Blockchain promises to revolutionize administration, management and bureaucracy as we know it, replacing inefficient and error-prone processes with something that basically runs on autopilot. With so much to gain, it’s worth wondering why municipal governments aren’t experimenting with this distributed ledger technology more—especially as officials lay the groundwork for tomorrow’s smart cities.
Public policy advocates have discussed using blockchain for everything from land records to payments to public data. But few projects have moved past the discussion phase, and those that have gained traction have produced underwhelming results. Many forces are holding back blockhain adoption, but none more than the myriad misconceptions about how blockchain works and what it can do.
Most people’s understanding of blockchain comes from cryptocurrencies like Bitcoin or Ethereum. To make a cryptocurrency work, the underlying blockchain must share information publicly between all involved—which rightfully makes public officials nervous.
Governments have an obvious need to keep some information unknown to the public. Placing information in a blockchain might seem like an obstacle, but it doesn’t have to be. The future of government application of blockchain will come in the form of permissioned, private blockchains that are accessible only by trusted individuals. They will balance transparency with security, becoming a vital resource for public administration in the 21st century.
Blockchain and Smart Cities
With blockchain obstacles falling away, some city leaders are starting to make bigger bets on the technology. For example, Dubai plans to transition key city services like waste disposal and electrical distribution into one massive, interconnected and distributed ledger. This bold experiment will produce invaluable information about how other cities can use blockchain technology to share, analyze and verify public data.
With something like tax collection, cities currently rely on budget documents that show how much money came in during the past month or quarter. Blockchain could provide that information on the fly, giving decision-makers a real-time picture of the government’s financial position. It could also be a useful tool to locate fraud and corruption.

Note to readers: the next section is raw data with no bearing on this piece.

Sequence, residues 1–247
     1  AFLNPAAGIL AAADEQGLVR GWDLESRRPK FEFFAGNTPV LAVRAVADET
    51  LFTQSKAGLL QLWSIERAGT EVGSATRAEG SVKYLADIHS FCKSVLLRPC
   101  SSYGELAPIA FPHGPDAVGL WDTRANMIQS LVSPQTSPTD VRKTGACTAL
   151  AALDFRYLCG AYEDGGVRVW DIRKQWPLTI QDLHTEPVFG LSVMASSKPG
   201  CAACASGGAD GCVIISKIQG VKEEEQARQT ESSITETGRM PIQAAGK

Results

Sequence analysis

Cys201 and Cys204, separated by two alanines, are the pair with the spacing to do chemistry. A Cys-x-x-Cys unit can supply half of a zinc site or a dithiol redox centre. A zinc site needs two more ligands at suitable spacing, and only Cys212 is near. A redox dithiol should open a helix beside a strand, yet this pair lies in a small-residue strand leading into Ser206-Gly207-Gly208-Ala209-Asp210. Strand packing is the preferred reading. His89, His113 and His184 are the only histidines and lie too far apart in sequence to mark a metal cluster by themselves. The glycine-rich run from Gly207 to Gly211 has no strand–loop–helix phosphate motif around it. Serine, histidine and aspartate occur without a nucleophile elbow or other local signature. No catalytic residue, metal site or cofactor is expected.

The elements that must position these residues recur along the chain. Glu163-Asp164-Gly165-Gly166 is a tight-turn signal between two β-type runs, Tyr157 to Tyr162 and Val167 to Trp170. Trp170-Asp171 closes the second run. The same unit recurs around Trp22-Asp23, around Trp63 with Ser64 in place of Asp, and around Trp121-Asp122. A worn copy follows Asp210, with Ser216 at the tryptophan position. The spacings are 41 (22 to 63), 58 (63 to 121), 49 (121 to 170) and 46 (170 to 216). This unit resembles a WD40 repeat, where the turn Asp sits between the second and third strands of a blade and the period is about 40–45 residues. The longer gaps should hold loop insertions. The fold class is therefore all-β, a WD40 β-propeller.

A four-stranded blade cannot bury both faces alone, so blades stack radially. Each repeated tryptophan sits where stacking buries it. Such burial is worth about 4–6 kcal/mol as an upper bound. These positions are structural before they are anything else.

Blockchain and smart cities go hand in hand. The intelligent, autonomous cities of the future simply aren’t possible without technologies like blockchain keeping things running efficiently and consistently. Local leaders eager to implement a smart city platform need to realize that blockchain is an integral element.
The Business Case for Blockchain
If misconceptions are the main thing holding blockchain back, good information is the best antidote. It’s up to smart city advocates to show local leaders that blockchain can have a deep, dynamic impact right now. Use this four-step strategy to do exactly that:
- Identify opportunities. Every city is different in terms of where it might make the most sense to implement blockchain technology. Begin developing use cases that benefit as many stakeholders as possible across the public sector. Likewise, focus on projects that can deliver fast, meaningful or quantifiable value.
- Be realistic. Some blockchain initiatives look great on paper but turn out to be less realistic in practice. Rank use cases by how feasible they are given a city’s technological and financial position. Consider whether any local partners might be willing or able to fund a blockchain project.
- Enlist expertise. Seek the advice of experts before implementing blockchain. If a city builds its transportation fleet around natural gas buses and switches to electric buses six months before a go-live, for instance, leaders will have to reinvest at least some funds in electric charging. The same thought applies to blockchain-based infrastructure investments.
- Think long term. Implementing blockchain requires a number of careful considerations, but the important choices come once it is done. Leaders must ensure that blockchain delivers the expected value and benefits city residents in a meaningful way. This requires officials to review, update and expand how their blockchain works regularly.
The biggest blockchain obstacles are also the easiest to clear. Once local decision-makers see what blockchain actually involves and how it facilitates smart cities (not to mention good governance), they will be eager to experiment with it everywhere. It doesn’t take a technological revolution—it only takes smart city boosters educating those in charge.
Forrest Senti is the director of business and government initiatives for the National Cybersecurity Center; he is actively engaged as a thought leader in the role of emerging technologies like blockchain in government and industry.